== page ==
Cllr R McCarthy (SF) asked about the Ballinhassig site.  Is the money from its disposal ringfenced for a particular project?

SOC: Not really.  If it is a social house, the money is ringfenced for housing purposes but otherwise the money goes into the general coffers of the Council.  Would have to look up data on site in question.

Cllr Buckley (SF) asked about Midleton lands.

DCE:  These lands have been in the Council’s possession for some time.  They were intended for maybe the development of industrial units.  They are now being sold for a new school.

Cllr Lombard (FG): Disposal of land for new schools in the Western area was discussed at the Southern Committee meeting.  Makes no sense.  How the south side of Carrigaline is being serviced needs to be addressed.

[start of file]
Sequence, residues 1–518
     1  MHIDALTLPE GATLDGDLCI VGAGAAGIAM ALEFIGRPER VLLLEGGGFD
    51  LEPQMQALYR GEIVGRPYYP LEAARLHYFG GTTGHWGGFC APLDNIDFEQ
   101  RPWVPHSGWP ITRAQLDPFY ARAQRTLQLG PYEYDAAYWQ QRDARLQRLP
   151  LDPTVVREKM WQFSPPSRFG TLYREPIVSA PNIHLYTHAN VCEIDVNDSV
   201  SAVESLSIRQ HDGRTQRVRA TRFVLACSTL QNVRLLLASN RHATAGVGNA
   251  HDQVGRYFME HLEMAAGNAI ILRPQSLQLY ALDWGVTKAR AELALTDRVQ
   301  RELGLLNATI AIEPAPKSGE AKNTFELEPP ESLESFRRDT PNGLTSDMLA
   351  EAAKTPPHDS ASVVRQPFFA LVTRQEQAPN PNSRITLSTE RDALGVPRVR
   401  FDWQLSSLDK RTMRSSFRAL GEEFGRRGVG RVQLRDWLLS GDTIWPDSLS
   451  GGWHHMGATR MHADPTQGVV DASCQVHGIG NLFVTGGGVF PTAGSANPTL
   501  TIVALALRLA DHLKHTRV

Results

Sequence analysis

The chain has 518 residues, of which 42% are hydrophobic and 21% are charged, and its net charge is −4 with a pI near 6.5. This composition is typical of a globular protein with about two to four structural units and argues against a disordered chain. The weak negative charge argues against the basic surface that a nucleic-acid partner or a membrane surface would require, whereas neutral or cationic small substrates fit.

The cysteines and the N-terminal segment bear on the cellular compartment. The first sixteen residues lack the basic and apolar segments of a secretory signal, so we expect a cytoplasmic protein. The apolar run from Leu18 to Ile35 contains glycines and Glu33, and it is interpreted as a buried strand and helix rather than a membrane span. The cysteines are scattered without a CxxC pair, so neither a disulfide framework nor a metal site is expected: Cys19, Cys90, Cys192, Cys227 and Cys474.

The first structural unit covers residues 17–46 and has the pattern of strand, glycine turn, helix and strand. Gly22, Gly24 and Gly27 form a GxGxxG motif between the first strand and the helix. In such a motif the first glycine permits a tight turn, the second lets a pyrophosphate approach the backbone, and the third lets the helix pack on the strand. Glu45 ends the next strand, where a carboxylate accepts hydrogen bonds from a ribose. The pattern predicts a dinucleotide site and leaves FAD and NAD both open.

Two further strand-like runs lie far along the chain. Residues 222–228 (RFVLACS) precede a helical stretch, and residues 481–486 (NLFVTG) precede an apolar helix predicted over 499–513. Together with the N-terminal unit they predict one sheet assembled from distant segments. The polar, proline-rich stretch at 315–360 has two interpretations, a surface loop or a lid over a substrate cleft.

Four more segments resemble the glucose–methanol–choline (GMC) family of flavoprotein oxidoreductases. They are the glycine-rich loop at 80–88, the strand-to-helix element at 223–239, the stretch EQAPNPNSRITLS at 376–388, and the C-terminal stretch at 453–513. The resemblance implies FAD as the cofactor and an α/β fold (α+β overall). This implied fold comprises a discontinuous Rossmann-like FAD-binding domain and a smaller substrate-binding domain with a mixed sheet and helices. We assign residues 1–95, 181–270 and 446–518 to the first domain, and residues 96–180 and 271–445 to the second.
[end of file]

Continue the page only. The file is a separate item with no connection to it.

Mayor:  Issue of disposals is up for discussion at the next CPG.

DCE:  Apologises.  This land in the Western division should not have come to the Southern Committee.  Disposals generally go to the relevant Divisional Committee for information purposes and then to full Council for confirmation.  Will not make this mistake with regard to South Carrigaline again.

Cllr K Murphy (FG):  South Carrigaline – we don’t know where we’re going with regard to road repairs, etc.  Seems crazy that materials need to travel all the way from Bandon and Kinsale to be used in Crosshaven.  Could someone make up their minds and see how issues are going to be dealt with in South Carrigaline.  We’re 5 months after the election and this issue hasn’t been dealt with yet.